I was very excited though when I saw that my Intro to French Wines class had sailed from six reservations to thirty-six in less than a week. Long time readers know that teaching classes is not my, um, specialty. I am a nervous wreck for two days before I have to stand before a group, have to literally force myself to stand there, trying to balance on my noodle-like legs and because I am a fucking low speaker I have to belt my words out at nearly screaming decibels, for me anyway, pulling them from the pit of my woozy tummy which always, always makes me feel even more nauseous than I already am. Not to mention the fact that I feel kind of silly standing there as the teacher when there is still so much for me to learn. So you have to know that if I’m excited about a wine class things have been pretty damn slow. We were turning people away all afternoon, such a good sign and then, a party of four canceled at the last minute and a party of two no showed. Fuck. I had stretched my budget to damn-near the last cent. Pouring fourteen wines, it is hard to leave anything out when you are doing an Intro class….well, I could have maybe skipped the Champagne and poured Bourgogne Rouge in place of Gevrey-Chambertin, but….how am I to make people fall in love with, and understand the majesty of France without some wow factor?! Standing before that crowd Friday night and looking at those empty seats, seats I could have filled, knowing that I was starting out in the hole, well it not only pissed me off, it was kind of a kick in the anxious gut.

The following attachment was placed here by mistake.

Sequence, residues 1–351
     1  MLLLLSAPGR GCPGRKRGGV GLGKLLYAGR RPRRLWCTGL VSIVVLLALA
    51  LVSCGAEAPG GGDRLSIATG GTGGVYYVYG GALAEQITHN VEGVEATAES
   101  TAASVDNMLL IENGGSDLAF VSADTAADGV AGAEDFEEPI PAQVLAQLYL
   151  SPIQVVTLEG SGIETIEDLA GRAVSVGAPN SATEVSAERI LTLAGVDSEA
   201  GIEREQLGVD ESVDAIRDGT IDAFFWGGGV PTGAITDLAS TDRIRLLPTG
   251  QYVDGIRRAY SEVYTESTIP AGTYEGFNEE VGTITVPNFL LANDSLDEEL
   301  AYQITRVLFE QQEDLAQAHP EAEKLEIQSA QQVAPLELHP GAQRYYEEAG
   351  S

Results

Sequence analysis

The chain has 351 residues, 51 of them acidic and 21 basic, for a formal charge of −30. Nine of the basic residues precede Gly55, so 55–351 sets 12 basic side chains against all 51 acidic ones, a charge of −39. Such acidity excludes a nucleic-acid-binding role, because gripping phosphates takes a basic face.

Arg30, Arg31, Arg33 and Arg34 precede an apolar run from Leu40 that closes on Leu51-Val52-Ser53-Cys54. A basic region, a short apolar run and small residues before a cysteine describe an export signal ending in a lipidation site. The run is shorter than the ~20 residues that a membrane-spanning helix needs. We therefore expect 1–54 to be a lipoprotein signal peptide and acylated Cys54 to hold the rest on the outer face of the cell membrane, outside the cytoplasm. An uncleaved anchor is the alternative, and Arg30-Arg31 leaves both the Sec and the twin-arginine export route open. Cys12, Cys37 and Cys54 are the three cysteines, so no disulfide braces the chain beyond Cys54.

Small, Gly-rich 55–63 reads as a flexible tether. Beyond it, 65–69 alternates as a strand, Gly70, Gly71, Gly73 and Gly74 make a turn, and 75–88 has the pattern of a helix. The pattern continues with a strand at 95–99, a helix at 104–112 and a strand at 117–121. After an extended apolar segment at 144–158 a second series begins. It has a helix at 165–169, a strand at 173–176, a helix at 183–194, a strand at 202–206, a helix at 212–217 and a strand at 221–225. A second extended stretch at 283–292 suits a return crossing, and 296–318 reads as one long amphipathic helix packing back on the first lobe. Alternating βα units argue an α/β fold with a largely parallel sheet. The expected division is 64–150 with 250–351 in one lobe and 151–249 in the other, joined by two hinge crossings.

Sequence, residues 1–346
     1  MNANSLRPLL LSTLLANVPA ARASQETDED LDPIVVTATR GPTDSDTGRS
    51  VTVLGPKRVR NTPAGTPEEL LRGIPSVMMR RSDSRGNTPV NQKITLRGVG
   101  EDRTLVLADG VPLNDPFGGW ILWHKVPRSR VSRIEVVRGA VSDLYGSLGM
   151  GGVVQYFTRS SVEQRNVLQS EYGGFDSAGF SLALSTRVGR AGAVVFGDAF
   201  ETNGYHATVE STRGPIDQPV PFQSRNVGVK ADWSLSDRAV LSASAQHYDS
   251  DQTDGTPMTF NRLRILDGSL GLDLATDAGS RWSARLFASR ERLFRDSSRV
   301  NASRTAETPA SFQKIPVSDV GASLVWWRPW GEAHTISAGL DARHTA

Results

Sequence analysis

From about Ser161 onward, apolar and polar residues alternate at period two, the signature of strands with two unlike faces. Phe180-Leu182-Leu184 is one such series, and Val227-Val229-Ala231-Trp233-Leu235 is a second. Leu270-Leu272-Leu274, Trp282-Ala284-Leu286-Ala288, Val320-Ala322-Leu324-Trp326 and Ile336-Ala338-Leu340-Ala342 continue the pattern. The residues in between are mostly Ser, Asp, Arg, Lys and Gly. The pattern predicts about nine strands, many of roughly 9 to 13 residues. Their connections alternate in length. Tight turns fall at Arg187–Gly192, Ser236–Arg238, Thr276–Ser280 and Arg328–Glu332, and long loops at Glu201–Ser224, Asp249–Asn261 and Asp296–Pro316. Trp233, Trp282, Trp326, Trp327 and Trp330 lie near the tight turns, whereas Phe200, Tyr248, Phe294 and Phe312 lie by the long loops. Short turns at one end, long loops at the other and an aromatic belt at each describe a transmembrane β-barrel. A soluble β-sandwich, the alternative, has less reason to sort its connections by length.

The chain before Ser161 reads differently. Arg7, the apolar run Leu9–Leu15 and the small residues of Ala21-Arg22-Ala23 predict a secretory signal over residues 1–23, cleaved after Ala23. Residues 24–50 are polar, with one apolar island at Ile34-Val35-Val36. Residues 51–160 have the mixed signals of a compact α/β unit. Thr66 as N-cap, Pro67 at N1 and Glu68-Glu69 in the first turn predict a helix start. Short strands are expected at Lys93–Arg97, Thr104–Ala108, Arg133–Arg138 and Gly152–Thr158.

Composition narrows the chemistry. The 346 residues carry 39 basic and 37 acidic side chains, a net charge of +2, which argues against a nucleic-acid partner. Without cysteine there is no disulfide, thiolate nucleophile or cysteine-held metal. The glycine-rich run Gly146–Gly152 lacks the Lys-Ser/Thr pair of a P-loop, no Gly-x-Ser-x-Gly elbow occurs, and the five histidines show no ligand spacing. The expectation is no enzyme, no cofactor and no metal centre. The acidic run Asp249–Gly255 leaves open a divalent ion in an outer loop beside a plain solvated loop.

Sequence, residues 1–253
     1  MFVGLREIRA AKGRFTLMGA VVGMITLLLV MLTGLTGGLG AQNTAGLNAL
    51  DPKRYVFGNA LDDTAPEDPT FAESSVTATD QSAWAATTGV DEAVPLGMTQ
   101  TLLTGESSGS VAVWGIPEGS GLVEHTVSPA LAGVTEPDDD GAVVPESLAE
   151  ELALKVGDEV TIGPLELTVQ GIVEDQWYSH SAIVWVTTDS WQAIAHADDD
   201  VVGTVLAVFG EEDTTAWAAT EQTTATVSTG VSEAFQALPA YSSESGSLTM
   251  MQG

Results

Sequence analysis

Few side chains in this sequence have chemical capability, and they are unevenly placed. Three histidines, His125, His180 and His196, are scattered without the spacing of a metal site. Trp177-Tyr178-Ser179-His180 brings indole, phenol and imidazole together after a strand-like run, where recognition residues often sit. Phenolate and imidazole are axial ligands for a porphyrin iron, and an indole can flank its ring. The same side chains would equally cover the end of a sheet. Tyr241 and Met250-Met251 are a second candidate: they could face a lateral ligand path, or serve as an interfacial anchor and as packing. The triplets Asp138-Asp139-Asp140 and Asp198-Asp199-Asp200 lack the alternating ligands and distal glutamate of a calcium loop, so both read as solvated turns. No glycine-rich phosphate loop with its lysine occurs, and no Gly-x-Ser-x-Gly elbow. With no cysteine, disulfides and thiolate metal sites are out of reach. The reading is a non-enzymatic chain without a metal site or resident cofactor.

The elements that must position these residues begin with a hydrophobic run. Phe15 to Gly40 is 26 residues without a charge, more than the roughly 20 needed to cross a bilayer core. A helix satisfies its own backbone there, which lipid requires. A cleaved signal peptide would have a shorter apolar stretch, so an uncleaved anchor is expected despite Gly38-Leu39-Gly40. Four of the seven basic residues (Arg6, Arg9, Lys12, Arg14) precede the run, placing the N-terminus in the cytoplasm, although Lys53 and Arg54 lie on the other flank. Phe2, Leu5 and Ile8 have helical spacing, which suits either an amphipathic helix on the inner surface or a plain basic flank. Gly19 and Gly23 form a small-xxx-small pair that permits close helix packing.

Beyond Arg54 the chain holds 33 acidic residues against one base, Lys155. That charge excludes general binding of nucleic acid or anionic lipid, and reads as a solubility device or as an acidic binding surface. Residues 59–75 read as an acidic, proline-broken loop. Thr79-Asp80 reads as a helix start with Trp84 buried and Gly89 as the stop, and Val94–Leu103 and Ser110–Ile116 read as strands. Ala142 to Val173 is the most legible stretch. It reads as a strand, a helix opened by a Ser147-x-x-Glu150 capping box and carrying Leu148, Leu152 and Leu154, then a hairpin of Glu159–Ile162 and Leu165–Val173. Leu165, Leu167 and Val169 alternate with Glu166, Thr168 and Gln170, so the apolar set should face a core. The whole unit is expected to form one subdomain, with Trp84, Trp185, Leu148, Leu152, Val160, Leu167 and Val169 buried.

“That’s a day changer” a somewhat awestruck customer tasting the 2009 Chateau de Puligny-Montrachet Meursault I had poured for him. Saturday was another slow creeper of a day. The weather was stunning, in the high eighties and it seemed that the last thing on people’s minds was shopping for wine. I was feeling miserable until I saw the handsome face of a fairly regular French wine drinking customer. He had some time to spend and I had all those open bottles left over from the night before. I whisked him off to the kitchen where we spent over thirty minutes talking and tasting. The kind of one-on-one that I not only love but seeing his face light up, nearly being able to hear the heart thumping around in his chest, that comment, “That’s a day changer” complete with raised eyebrows and cocked grin, those are the moments that feed and inspire me. Remind me that my job is more than stocking paper towels in the ladies room and sticking to budgets. Watching him fill his cart with Meursault and grower Champagne the kind of moment that keeps me fired up. Day changer indeed. Sailed on that shared high for the rest of the afternoon.
Yesterday, another nearly ninety degree day, I was once again bumping around in a nearly vacant store. The stream of, (slightly odd) customers just steady enough to keep me from getting any writing, shelf-talkers, or website updating done. Lots of folks just killing time or looking to escape the heat in our cellar temperature shop. Not looking to buy, just looking and it took everything I had not to hop on our Facebook page and beg people to come on down. Instead I spent my time putting out samples of food items, for whom I have no idea, double facing a few wines on my racks, knowing that another slow week means more pushing back of orders and having to wait just a little longer to bring in wines that can give me more of those “feeding” moments like the one I had the day before. Not very inspiring I have to say and as I locked up the shop last night I felt a little helpless and like I was failing my bosses, my store and the customers I make my living trying to please and in turn inspire. Sunk into a deep funk on the long, dark drive home. In need of some serious perspective and true inspiration.